The trouble is, the factors that go into marginal costs – costs once overheads are covered – aren’t equal across the chain. For a supermarket, marginal cost includes all the expenses of running a store, which is typically over 90% of their costs. So they set prices which enable them to cover that amount.

Other members of the supply chain such as farmers and growers, or bakers, class about 70% of their costs as overheads, leaving marginal costs of around 30%. A system where one party gets to cover over 90% of their costs while another can only cover 30% is not fair.

More than 4 million people are employed in the food and drink industry in the UK – around 13% of the UK workforce. Many of these people working for food businesses need help to put food on the table because of the cost of living crisis.

But their low wages stem from things like discounting and marginal cost negotiations by companies across the supply chain.

Andrew Opie, director of food and sustainability at the British Retail Consortium (BRC), has said retailers “are investing heavily in lower prices for the future”, expanding affordable food ranges, locking the price of many essentials and offering support to vulnerable groups.

The need for transparency

Calls for greater transparency in food supply chains were implicit in the report from the recent government forum, but there are no explicit plans to do this. This would take government action at national and international level.

For example, when conducting my research, I found a lot of detailed data was available on the cost of production for food by farmers and growers due to a long post-second world war history of creating benchmarks for production and fostering better business practices. But not as much data was available from the retail side of the market.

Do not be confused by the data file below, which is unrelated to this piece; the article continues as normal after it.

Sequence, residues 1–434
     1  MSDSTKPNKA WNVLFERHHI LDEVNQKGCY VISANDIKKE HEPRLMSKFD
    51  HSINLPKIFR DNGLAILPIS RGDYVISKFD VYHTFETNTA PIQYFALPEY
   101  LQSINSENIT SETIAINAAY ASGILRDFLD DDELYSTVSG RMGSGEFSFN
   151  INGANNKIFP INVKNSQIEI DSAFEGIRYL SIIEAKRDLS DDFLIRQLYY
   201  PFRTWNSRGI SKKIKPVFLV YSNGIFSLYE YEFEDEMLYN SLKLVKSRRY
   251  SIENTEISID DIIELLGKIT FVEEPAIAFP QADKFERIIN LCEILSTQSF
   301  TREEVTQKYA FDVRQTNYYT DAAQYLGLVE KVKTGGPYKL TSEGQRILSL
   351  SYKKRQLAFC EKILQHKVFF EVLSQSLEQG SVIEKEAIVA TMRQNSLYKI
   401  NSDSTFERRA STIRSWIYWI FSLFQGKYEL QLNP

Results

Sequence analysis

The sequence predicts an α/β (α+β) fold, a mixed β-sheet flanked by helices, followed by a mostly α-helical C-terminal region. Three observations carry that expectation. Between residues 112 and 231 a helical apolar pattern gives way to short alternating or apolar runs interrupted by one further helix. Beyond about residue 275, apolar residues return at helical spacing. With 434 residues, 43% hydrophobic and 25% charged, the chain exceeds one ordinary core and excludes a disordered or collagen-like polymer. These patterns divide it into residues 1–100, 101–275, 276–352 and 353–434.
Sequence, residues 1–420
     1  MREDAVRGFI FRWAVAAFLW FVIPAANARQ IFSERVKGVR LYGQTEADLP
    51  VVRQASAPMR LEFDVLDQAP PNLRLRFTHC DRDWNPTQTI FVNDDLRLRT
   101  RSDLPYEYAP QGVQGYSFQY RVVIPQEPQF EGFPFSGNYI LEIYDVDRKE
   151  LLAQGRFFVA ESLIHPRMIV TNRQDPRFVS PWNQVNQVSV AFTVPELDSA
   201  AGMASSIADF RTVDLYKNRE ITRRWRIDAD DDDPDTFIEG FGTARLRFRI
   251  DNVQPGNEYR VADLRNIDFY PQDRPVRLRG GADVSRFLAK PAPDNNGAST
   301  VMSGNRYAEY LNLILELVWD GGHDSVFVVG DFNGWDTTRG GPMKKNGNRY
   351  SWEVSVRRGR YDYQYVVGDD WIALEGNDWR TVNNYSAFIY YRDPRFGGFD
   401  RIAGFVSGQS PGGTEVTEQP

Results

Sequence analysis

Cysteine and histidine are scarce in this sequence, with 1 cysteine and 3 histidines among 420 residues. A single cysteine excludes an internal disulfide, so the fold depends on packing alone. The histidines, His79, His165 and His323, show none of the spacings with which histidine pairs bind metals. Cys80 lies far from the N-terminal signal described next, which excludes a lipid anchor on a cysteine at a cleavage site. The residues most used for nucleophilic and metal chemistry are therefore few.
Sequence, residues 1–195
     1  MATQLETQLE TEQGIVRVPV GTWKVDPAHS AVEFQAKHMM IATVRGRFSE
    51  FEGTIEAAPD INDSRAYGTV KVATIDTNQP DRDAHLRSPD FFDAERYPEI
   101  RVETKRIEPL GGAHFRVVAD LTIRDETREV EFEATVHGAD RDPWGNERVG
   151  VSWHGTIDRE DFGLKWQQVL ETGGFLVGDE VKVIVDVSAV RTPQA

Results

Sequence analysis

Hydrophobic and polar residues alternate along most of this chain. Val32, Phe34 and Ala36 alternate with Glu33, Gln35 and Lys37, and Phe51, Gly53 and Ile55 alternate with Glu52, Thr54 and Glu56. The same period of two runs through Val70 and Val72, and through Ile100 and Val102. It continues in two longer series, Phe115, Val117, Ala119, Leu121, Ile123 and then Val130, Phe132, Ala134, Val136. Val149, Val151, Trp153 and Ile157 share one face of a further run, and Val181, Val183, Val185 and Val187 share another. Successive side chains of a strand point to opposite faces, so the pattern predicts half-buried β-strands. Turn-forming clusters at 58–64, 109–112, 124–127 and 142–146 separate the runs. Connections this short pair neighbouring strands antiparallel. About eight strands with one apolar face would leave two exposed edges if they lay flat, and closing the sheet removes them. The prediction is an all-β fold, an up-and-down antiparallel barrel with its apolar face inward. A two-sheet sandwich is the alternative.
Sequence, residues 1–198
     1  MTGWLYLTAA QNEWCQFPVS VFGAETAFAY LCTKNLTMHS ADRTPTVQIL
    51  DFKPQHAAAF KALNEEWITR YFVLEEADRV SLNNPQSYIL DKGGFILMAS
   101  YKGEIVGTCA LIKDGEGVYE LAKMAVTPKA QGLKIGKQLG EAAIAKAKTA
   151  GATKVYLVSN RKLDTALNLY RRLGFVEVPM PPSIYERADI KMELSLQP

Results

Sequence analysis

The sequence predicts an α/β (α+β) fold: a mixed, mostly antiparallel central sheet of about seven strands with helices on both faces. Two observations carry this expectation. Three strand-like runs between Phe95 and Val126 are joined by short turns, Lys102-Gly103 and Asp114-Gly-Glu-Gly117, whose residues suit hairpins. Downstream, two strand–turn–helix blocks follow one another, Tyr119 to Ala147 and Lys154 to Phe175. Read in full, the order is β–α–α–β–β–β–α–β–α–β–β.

While many listed companies have to segment their financial information, sales categories are often only broken down into “Fuel” and “Everything Else”. A BRC spokesperson said: “This information is commercially sensitive, if it was published it would have an adverse impact on competition, the very thing which has kept prices lower for consumers.”

But even if it is commercially sensitive information, the current situation hardly leads to transparency about costs and profits across the supply chain.

The dairy and other regulations proposed in the Agriculture Act 2020 and highlighted by the government following its recent Farm to Fork forum are codes of practice, not fundamental regulations or legal requirements. Unless stronger rules are created to tackle the underlying unfairness of food supply chains, the overall picture will not change in a way that benefits everyone, including consumers and producers.

This article was originally published in The Conversation on 19 May 2023. It can be accessed here:

About The Author

Lisa JackLisa Jack is currently a Professor of Accounting in the Faculty of Business and Law, and also former President of the British Accounting and Finance Association (2015-2020), a learned society for academics based in the UK.

The views expressed in this article are those of the authors and do not necessarily reflect the views or policies of The Political Anthropologist.